Friday, April 14, 2017

Traditional ethics and standards of scholarship

The astrophysicist Simon White concluded his introduction (pdf) to the 2016 Ringberg workshop on galaxy formation by asking how one developed consensus about what is well established. (Thanks to Petri Mähönen for bringing it to my attention.)

White’s answer: “Re-emphasise traditional ethics and standards of scholarship.”

The five specific instructions he supplied apply to any field of inquiry, not just galaxy formation. Here they are, slightly edited (as indicated by square brackets) to remove the references to astrophysics:
De-emphasise marketing – the goal is not to sell our model to observers, funding agencies or employers, but to understand [the phenomenon being studied]
Be up-front, even-handed and explicit about limitations, assumptions and failures, in addition to exhibiting successes
Read and discuss related published work in detail – establish, as far as possible, the reasons why it agrees or disagrees with our results
Be sufficiently detailed and explicit about what was done in each paper that it is possible for others to understand if they agree or not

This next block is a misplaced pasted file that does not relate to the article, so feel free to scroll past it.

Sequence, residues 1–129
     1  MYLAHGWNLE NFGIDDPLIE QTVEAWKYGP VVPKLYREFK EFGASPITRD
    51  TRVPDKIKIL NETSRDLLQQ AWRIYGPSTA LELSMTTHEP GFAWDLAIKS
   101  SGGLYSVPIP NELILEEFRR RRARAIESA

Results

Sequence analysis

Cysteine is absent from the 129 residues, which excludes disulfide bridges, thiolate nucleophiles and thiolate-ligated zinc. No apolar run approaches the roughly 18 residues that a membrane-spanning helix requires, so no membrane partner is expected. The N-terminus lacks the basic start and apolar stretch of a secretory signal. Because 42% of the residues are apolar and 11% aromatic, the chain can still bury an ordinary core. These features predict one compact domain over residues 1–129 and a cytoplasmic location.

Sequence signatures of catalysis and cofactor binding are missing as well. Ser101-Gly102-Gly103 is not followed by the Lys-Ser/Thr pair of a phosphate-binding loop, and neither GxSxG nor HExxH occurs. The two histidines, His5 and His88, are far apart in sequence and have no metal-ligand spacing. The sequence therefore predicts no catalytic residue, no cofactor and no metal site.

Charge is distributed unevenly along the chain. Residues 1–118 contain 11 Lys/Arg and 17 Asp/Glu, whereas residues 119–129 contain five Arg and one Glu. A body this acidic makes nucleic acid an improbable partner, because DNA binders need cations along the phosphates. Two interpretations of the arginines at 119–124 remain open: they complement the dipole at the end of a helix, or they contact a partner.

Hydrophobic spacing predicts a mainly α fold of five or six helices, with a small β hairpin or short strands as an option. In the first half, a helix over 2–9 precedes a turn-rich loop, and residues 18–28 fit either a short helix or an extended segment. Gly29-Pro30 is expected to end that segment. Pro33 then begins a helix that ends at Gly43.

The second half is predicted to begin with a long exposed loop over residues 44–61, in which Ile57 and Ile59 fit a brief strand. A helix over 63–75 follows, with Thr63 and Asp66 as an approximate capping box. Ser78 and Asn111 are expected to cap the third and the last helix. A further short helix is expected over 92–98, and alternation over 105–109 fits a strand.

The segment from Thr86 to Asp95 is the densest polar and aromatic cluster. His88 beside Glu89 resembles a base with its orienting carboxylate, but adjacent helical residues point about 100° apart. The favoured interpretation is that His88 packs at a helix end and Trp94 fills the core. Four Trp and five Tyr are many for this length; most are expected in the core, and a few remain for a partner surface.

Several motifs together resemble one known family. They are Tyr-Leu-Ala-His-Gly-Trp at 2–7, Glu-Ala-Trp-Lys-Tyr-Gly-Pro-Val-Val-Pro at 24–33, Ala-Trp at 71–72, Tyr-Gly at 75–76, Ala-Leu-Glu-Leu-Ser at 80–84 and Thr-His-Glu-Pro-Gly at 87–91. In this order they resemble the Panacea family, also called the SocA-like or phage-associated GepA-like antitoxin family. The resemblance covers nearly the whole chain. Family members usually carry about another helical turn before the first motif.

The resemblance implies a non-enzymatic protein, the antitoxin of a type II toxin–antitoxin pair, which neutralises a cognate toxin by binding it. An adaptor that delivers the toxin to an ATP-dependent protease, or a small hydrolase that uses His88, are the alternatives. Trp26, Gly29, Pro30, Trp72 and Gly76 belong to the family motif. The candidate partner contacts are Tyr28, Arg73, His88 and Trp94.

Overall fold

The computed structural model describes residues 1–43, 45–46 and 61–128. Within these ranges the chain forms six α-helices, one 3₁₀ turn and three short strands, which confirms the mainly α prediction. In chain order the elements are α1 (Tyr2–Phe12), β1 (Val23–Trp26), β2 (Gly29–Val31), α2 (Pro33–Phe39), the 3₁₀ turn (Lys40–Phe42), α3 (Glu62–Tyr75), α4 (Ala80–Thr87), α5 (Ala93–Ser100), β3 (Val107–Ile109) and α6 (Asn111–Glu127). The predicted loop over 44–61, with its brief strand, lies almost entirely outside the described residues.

Do not stop after exhibiting agreement with (some) [evidence] – does this reflects calibration/tuning or an underlying [reality]?

These principles are clearly the fruit of many years’ experience, and careful thought. They could be applied to planning research, writing a paper, reviewing a paper, or seeking funding. The qualifier that these are traditional ethics and standards implies that White thinks they are no longer being observed in scholarship; cf. Phil Mirowski’s Science-Mart. O tempora! O mores!

I was reminded of DARPA’s “Heilmeier Catechism” and Dijkstra's "Address to my students" number EWD956 (I learned about both from Petri, too). Heilmeier how one decides what to do; Dijkstra is how one should do it; and White is how one describes what was done.

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